A procedure that uses heat generated by radio waves to treat Barrett's esophagus, a condition caused by acid reflux (severe heartburn), can eliminate signs of the potentially cancer-causing disorder and reduce the risk that the disease will progress.
Findings from the first multicenter trial of the procedure, called radiofrequency ablation, could mean patients have an alternative to surgery for treating Barrett's esophagus. The procedure uses a scope inserted through the mouth to destroy the abnormal tissue. The investigators report their findings in the May 28 issue of the New England Journal of Medicine.
"Patients with Barrett's esophagus can go on to develop esophageal cancer," says Steven A. Edmundowicz, M.D., lead investigator at the study site at Washington University School of Medicine in St. Louis. "Cancer of the esophagus usually is deadly. Less than 15 percent of patients with esophageal adenocarcinoma survive for five years, and in those with advanced Barrett's esophagus, the risk that the condition will advance to become cancer is about 6 percent per year."
In Barrett's esophagus, part of the lining of the esophagus is replaced with cells that resemble intestinal cells. As the condition progresses, these cells become increasingly disordered. Long-standing acid reflux disease is common in those who develop Barrett's esophagus, which affects about 1 percent of adults in the United States.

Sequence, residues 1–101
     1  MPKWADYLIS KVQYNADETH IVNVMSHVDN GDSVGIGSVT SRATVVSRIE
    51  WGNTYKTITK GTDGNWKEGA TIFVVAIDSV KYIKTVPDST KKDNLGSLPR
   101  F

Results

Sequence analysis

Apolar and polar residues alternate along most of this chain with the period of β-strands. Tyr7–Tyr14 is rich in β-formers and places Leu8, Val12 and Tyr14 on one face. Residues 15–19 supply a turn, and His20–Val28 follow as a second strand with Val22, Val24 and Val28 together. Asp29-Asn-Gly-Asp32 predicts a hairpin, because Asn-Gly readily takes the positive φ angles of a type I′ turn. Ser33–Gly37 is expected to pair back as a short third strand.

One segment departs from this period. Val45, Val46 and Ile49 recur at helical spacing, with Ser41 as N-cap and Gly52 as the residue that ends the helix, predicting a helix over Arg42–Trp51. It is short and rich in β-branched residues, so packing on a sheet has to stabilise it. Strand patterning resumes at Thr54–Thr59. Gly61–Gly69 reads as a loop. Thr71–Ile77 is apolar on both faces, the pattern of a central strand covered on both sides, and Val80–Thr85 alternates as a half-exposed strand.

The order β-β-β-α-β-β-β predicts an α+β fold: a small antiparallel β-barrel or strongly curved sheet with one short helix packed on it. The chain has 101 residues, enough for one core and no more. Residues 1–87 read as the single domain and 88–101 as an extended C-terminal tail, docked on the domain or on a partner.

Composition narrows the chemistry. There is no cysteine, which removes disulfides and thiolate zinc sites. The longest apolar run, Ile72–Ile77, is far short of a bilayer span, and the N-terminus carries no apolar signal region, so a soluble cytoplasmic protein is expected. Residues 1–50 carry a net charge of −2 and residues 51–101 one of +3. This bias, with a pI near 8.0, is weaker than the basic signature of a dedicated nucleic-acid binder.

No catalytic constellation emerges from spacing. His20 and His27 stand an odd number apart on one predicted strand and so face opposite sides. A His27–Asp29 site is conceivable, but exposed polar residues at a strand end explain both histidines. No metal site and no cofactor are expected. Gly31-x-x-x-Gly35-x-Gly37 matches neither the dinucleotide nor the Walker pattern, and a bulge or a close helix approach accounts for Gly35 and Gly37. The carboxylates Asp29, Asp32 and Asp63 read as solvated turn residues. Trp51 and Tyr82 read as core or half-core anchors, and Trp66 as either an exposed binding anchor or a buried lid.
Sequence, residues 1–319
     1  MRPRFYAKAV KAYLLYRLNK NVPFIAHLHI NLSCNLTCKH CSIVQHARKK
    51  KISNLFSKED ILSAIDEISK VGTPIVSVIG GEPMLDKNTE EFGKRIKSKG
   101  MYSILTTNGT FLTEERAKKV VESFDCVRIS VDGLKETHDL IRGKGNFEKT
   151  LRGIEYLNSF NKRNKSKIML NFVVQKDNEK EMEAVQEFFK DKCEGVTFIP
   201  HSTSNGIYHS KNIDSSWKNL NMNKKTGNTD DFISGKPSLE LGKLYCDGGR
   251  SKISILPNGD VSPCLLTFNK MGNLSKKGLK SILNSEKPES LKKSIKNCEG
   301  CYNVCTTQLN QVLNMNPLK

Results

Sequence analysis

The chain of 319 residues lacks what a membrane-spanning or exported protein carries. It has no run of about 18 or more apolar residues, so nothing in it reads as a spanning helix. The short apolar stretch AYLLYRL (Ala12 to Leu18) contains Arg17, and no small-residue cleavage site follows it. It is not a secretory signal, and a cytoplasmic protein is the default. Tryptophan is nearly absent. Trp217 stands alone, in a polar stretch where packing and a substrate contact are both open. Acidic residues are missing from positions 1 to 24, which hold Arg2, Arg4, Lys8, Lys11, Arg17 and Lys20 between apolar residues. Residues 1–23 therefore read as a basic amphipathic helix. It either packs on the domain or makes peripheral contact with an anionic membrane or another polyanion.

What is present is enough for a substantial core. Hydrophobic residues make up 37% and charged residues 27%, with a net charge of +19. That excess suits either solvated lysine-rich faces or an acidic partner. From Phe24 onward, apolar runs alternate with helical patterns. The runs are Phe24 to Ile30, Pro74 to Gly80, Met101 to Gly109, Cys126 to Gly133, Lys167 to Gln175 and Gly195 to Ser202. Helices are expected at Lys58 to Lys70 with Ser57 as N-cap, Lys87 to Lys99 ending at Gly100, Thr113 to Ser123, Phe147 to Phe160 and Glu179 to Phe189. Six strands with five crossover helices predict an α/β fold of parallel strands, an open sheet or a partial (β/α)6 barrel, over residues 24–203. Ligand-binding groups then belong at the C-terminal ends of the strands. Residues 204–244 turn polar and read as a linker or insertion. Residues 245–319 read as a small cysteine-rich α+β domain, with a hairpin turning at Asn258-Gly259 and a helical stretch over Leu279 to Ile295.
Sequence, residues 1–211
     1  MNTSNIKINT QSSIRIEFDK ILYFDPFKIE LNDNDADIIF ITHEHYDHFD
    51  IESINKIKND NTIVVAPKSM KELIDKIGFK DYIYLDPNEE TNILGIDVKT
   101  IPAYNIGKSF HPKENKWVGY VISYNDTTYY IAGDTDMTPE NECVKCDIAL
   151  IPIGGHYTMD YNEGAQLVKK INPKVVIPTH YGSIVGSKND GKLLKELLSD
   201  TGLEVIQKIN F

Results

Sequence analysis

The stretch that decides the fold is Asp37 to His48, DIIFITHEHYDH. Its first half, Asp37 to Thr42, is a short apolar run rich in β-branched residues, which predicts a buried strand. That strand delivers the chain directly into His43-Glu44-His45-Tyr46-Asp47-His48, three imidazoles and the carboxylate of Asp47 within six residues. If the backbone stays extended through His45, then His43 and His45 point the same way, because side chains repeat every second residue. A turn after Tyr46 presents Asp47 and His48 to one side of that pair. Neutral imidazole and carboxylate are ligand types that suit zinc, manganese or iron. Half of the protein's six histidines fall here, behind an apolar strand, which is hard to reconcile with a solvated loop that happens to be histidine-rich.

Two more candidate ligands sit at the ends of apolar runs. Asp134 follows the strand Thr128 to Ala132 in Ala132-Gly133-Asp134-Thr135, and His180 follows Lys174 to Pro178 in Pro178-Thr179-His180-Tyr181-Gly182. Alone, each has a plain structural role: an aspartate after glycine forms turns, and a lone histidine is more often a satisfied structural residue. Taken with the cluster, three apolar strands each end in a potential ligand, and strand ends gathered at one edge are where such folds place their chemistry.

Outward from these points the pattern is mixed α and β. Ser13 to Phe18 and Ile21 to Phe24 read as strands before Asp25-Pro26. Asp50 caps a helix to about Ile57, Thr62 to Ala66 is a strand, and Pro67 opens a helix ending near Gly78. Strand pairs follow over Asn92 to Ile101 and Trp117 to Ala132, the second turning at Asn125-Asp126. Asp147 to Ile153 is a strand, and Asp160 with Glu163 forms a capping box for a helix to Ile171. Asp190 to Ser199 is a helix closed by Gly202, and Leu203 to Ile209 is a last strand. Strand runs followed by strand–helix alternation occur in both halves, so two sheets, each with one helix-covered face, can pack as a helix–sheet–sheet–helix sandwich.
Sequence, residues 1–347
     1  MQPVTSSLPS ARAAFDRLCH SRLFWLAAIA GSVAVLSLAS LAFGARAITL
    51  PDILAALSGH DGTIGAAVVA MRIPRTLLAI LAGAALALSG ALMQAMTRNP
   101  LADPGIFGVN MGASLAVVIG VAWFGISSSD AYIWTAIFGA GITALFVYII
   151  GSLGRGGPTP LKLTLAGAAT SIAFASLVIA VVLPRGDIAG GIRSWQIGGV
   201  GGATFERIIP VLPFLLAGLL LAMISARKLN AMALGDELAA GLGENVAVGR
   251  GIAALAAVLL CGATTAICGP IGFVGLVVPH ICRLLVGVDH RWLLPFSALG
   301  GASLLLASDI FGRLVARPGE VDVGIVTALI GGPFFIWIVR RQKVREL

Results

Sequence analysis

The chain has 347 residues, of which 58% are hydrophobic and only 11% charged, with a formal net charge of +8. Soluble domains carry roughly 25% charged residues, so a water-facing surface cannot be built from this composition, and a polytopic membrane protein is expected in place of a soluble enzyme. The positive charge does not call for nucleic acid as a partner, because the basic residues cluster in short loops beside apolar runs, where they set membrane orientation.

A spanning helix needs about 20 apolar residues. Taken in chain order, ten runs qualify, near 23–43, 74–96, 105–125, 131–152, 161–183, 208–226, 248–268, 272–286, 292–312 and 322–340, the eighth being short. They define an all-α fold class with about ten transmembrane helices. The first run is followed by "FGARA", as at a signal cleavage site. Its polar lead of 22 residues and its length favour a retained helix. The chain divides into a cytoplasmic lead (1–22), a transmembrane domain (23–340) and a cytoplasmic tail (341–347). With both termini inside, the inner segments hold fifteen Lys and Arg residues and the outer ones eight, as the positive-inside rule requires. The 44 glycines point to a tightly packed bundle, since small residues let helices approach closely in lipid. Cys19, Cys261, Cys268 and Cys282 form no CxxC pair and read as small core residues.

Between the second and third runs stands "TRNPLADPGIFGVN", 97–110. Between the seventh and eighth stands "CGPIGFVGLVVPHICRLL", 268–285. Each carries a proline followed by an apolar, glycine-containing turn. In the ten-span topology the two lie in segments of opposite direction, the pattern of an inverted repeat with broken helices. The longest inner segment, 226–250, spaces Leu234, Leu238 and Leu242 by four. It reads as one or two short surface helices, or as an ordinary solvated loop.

A total of 127 patients at 19 sites took part in the study, which used endoscopes to diagnose the disease and then to deliver radiofrequency ablation to the abnormal lining of the esophagus. The technique heats the abnormal tissue to destroy it while leaving the deeper layers of the esophagus undamaged.
All patients in the study had the disordered, cellular growth called dysplasia associated with more advanced Barrett's esophagus. Patients were classified as having either low-grade dysplasia or high-grade dysplasia. Regardless of how they were classified for the study, patients received the anti-reflux medication esomeprazole (Nexium), to keep their reflux disease in check as much as possible.
Led by Nicholas J. Shaheen, M.D., at the University of North Carolina at Chapel Hill, the investigators at the various study sites randomly selected patients to either receive radiofrequency ablation or to undergo a sham procedure in which endoscopes were inserted through the mouth and the lining of the esophagus was examined, but no radio waves were delivered.
Two patients received the actual treatment for every one who got a sham procedure. Those who received the ablation treatment could get up to four treatments during the 12 months of the study. Following the study period, those who had not received ablation therapy were given the option of getting the treatment.
In the patients who had the treatment, dysplasia disappeared in just over 90 percent of patients with low-grade disease and in more than 80 percent of those with high-grade disease compared to about 23 percent of the low-grade patients and 19 percent of the high-grade patients who had sham procedures rather than the ablation therapy. In 78 percent of treated patients, not only did dysplasia disappear, but all the abnormal intestinal-type cells were eliminated as well.
"During the 12-month study period, we detected fewer cancers in the ablation group than in the control group," says Edmundowicz, a professor of medicine in the Division of Gastroenterology. "But because cancers occurred in a total of only five study patients, the numbers are not as powerful regarding cancer as they are regarding eradication of Barrett's esophagus."